UK’s Blair dismisses talk of snap poll

UK’s Blair dismisses talk of snap poll

LONDON – British Prime Minister Tony Blair, due to step down later this year, dismissed talk yesterday that his successor would call a snap general election.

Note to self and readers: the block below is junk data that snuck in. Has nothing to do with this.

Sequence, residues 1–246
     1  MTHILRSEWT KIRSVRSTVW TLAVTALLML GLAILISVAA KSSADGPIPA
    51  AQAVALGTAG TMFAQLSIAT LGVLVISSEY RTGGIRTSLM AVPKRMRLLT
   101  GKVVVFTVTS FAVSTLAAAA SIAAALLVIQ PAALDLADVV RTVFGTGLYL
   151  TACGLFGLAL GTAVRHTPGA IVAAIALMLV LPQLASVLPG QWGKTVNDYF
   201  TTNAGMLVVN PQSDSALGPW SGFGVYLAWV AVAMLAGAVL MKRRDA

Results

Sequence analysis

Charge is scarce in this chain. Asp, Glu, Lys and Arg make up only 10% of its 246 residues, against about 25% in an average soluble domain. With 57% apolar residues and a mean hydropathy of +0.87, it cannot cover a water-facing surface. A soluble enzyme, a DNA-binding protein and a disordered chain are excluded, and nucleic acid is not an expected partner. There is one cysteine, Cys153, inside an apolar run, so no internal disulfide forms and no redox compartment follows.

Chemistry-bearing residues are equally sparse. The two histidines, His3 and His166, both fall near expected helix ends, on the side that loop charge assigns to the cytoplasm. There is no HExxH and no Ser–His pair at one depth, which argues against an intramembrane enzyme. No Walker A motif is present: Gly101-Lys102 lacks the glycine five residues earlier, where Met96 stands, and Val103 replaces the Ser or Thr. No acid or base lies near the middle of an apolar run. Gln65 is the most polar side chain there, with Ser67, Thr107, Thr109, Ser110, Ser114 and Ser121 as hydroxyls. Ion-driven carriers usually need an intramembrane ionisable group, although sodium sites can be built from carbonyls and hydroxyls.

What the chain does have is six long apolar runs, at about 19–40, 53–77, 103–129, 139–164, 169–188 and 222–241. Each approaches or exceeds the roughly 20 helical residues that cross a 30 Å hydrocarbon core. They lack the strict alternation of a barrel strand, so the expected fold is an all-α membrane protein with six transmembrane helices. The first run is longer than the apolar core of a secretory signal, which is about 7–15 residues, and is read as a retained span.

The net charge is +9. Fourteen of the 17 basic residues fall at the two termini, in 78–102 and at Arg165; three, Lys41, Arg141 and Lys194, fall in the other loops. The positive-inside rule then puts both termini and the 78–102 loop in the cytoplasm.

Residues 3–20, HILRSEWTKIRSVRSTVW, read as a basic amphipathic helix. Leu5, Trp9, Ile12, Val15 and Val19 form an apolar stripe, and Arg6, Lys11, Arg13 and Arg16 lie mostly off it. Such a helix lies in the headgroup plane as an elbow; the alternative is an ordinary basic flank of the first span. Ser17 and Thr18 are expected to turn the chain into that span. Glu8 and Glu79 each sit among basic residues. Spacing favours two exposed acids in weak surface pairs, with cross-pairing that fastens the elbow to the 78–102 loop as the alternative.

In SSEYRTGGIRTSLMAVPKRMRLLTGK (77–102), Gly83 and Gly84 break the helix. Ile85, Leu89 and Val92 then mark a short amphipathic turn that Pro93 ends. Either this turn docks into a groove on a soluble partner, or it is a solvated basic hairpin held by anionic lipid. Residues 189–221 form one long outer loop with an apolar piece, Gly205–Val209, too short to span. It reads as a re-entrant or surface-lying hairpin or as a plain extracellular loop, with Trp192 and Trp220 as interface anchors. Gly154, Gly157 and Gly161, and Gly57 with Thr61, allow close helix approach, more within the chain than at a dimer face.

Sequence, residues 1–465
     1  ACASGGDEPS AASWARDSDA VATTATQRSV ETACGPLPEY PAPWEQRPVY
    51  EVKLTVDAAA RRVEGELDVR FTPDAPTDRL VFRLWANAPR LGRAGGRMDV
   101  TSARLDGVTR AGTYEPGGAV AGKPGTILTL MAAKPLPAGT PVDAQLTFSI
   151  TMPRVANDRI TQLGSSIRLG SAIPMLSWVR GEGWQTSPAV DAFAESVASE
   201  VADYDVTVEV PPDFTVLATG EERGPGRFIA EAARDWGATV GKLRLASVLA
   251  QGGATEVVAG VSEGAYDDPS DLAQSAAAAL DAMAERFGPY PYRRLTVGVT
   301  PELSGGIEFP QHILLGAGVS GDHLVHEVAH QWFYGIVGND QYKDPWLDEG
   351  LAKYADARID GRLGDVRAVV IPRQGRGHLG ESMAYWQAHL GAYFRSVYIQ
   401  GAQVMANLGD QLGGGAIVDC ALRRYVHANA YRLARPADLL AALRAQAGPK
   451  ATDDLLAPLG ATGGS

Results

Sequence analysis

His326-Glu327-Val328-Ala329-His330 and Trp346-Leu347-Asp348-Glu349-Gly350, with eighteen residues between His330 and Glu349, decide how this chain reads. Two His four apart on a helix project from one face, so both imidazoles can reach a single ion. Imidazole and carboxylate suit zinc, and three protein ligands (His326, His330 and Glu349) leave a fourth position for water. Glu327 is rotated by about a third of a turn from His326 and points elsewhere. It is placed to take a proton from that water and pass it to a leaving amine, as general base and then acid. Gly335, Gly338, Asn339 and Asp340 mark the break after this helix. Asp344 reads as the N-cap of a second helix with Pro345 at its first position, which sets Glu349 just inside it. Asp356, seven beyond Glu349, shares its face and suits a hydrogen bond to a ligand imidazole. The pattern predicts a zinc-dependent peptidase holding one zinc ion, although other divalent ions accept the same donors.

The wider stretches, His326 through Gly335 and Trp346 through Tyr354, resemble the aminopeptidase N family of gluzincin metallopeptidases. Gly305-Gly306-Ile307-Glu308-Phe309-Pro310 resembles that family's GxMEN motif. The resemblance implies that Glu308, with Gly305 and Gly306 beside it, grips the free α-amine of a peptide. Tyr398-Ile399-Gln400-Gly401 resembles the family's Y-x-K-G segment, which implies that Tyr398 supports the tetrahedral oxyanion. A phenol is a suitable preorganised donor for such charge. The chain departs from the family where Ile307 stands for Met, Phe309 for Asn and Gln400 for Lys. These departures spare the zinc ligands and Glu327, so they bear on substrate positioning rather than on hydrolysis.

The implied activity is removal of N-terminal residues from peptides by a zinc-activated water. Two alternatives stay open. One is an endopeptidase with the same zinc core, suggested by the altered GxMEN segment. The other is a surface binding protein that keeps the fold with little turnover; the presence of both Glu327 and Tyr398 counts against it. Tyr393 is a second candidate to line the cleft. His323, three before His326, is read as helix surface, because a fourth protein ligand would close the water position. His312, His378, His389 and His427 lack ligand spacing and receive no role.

Blair, expected to hand over to his presumed heir finance minister Gordon Brown in July, also suggested in a newspaper interview that the brunt of public anger over the Iraq war was focused on him and may dissipate once he has gone. Blair won a third straight election for his ruling Labour Party in 2005 but disquiet over his decision to back the US-led Iraq war helped to deplete his parliamentary majority.Referring to the 2005 poll, Blair told The Observer: “Iraq was a factor then.In a sense, when I go, that goes with me.”Asked about suggestions his successor would have to call a snap poll to earn his own mandate, Blair said he expected it to be a “significant time” before the next general election.Most political analysts expect the next election in 2009.Blair had originally said he wanted to serve a full third term but opposition to the Iraq war, disillusionment with his government’s efforts to improve the public services and a string of mismanagement scandals fuelled dissent within Labour.That prompted him to say in 2006 that he would step down by September this year, although he has yet to set a date.Blair acknowledged his pre-announced departure had caused problems for Labour.Some parliamentarians are anxious that Brown will become premier without a contest and fear he lacks the charisma to beat Conservative Party leader David Cameron at the next election.So far, two left-leaning parliamentarians have said they want to challenge Brown but they stand virtually no chance of winning and some lawmakers want a government minister to run.Nampa-ReutersBlair won a third straight election for his ruling Labour Party in 2005 but disquiet over his decision to back the US-led Iraq war helped to deplete his parliamentary majority.Referring to the 2005 poll, Blair told The Observer: “Iraq was a factor then.In a sense, when I go, that goes with me.”Asked about suggestions his successor would have to call a snap poll to earn his own mandate, Blair said he expected it to be a “significant time” before the next general election.Most political analysts expect the next election in 2009.Blair had originally said he wanted to serve a full third term but opposition to the Iraq war, disillusionment with his government’s efforts to improve the public services and a string of mismanagement scandals fuelled dissent within Labour.That prompted him to say in 2006 that he would step down by September this year, although he has yet to set a date.Blair acknowledged his pre-announced departure had caused problems for Labour.Some parliamentarians are anxious that Brown will become premier without a contest and fear he lacks the charisma to beat Conservative Party leader David Cameron at the next election.So far, two left-leaning parliamentarians have said they want to challenge Brown but they stand virtually no chance of winning and some lawmakers want a government minister to run.Nampa-Reuters

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